This recent episode involving the GARBC, Faith Baptist Bible College & Seminary, and Saylorville Church has offered us another enlightening scenario to test that hypothesis and examine the values of various groups and individuals. It's been a complex scenario, perhaps with more ways to handle it poorly than wisely.
Several matters related to Baptist identity and polity are quite reasonably in play—local church autonomy, connectionalism, soul liberty, and the role of the parachurch ministry. And of course, church names.
As it happens, I'm a pastor in what must be one of a very few churches in the nation that reinserted "Baptist" into its name after having removed it. Though I wasn't a party to that decision, I believe it was a good one. But I also believe that the mission of a local church is not primarily to maintain "Baptist Identity." I'd argue that the church's mission is far more closely related to proclaiming the Word in such a way that the gospel's power transforms pagans into disciples. The biblical principles that shape "Baptist Identity" are related to the mission—perhaps even advance the mission—but maintaining that identity is not the zenith of the mission. At most, it's a servant to the mission.
Now, I don't have a dog in the fight as to whether it is fruitful for the cause of Christ for FBBC&S students and faculty members to be members of Saylorville Church. There may well be reasons why it is not. I also don't know whether Saylorville's name change will help or hinder its fulfillment of its mission. I strongly suspect that this sort of decision will vary according to individual church context. Saylorville Church may make a bad decision on that point (or many others), but I'm not sure who or what institution is in a better position to make that decision than the church itself. My understanding of Baptist distinctives had led me to believe that Baptists would universally affirm that notion. Perhaps I was misinformed.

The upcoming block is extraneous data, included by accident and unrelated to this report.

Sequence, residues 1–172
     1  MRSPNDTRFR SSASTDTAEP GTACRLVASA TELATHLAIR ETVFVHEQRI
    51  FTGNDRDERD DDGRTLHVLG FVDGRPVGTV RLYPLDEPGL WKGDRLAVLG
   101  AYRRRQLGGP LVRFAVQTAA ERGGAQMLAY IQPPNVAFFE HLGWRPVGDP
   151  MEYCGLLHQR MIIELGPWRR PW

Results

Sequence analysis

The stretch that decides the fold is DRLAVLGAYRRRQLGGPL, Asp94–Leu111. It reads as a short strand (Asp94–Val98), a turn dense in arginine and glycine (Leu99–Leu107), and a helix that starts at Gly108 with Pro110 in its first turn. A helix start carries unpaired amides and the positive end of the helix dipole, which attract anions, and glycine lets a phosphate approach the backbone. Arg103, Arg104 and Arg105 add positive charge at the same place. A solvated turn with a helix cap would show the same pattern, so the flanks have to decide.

I was struck by this sentence in Faith's official statement [PDF]:
"We stand with our gospel-loving Baptist forebears of past centuries who loved all the brethren yet celebrated their unique Baptist identity."As I reflected on our forbears who embodied that description, one of the first who leapt into my mind was Charles Spurgeon. No big surprise, right? Gospel-loving? Who was more so? Loved all the brethren? Not all professing brethren, but all who held fast to the Word! Celebrated unique Baptist identity? Well, there's a reason that such diverse strains of contemporary Baptists claim him as one of their number. And yet he pastored . . . "The Metropolitan Tabernacle."
Now, isn't it rather typical of fundamentalism to attach more weight to an individual or institution's public identification, rather than the substance of its identity and theology? It's been argued that Faith's decision is "reflective of who they are." I suspect that's true. But "who we are" is at least in part a reflection of "what's most important to us." And I'd suggest that's part of our problem.